And I'll say somewhat fittingly there are very few people that I know who specifically set out to work in the prevention field.
It's not typically something that people set out to do.
Many people follow along a winding road as I did to get into this field, and yet for those individuals who work in the prevention field and are extremely passionate and committed to it, for them too it ultimately ends up being a calling.
It's what they have figured out that they're meant to do.
And so I appreciate that.
I also like what you just said about kind of the Paul Revere characterization if you will.
I really do want to give a shout out for all of our listeners who are looking to identify what are the drug trends happening in their regions, in their states.
It really is an opportunity for you to connect with your local DEA office.
We are spread out all across the United States, as all over the world, but for those domestically if you're interested in connecting with your local DEA office and aren't quite sure how to do that, certainly connect with me by email and I can put you in touch with our Demand Reduction Coordinators in the field divisions, the Special Agents in Charge such as Chip.
They'll go out and do presentations at your campuses and at your communities and such about what Chip specifically said, what they're seeing on the ground level as well.
It is a very unique perspective and it's one that I know folks around the country that I have helped connect really do appreciate that.
So Chip, thank you for bringing that up.
I did have another follow-up question about this connection between law enforcement and prevention.
So I know from our conversations around this particular issue that you are doing some work with the college and university police chiefs in Indiana.
So can you tell us a little bit about what you're hoping to achieve there?
Chip: Thanks, Rich.
One of my many joys of being in this position is that I am able to connect with the college police departments, college public safety departments of the college here in the northern part of Indiana.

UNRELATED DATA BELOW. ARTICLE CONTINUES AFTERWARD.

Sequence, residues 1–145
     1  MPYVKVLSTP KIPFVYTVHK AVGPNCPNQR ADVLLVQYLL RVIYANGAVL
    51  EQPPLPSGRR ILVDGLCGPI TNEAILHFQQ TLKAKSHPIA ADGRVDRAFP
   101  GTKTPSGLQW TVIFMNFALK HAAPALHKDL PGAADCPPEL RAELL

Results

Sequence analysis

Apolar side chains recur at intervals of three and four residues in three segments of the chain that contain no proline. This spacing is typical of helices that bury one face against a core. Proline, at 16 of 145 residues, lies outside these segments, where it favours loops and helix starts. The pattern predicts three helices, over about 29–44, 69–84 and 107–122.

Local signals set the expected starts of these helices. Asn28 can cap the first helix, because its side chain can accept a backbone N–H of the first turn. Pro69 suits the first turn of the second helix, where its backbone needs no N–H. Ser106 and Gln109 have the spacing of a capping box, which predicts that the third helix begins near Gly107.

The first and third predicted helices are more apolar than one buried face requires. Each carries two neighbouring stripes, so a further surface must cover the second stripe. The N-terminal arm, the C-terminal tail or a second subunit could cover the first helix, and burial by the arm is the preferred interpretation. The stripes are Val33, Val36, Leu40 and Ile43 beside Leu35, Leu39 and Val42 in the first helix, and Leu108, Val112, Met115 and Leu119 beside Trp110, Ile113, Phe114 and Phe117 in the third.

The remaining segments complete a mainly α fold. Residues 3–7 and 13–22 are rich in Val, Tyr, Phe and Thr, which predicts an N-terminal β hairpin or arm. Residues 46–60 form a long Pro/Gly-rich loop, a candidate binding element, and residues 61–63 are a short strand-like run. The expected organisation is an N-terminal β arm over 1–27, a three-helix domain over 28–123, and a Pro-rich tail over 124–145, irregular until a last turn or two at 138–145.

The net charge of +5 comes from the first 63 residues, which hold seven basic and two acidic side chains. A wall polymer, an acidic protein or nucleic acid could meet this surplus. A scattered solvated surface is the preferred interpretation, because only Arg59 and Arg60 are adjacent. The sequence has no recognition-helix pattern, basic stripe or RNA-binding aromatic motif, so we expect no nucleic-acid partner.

And my counterpart, the Assistant Special Agent in Charge of our DEA Indianapolis office, he is connecting with the colleges and universities in the southern part of the state.
And here in Indiana we very much love coordinating, conversing, chatting with our colleagues in law enforcement and public safety at these colleges and universities.
And here in Indiana we've got some smaller schools, a little lesser known.
And of course we've got the big ones, right?
We have Indiana University, Purdue, University of Notre Dame.
Those are three of the big ones here in the state.
If you want to know what is happening on a college campus, get to know your college campus police chief, your college Public Safety Director.
They really do have their fingers on the pulse with regard to the ins and the outs of what's going on on campus.
And drug addiction, people who are struggling with substance abuse issues, just because you now enroll at a local college or step foot onto a local college campus does not all of a sudden make you immune to addiction.
A college is a microcosm of our world.
And what we see here in Indiana and across the country of course, drug use and abuse on college campuses is rampant.
We do see young men and women, college students who are using, abusing pharmaceuticals, right?
Adderall is highly abused.
It's needed and when prescribed by a doctor and received from a real pharmacy and used as directed, that's the intended use.
But we also see the other side of it as well.
We see pharmaceutical abuse on college campuses from Adderall to Xanax.
We certainly know, Rich, through COVID mental health and depression has been a bit hit to this country.
And college kids are not immune to that.
So to go back to it, I really love partnering with colleges and universities because these are formative years for young men and women, and we want to make sure we get our colleges and universities the information that we have here in DEA with regards to the trends in traffic and what we know about substance abuse.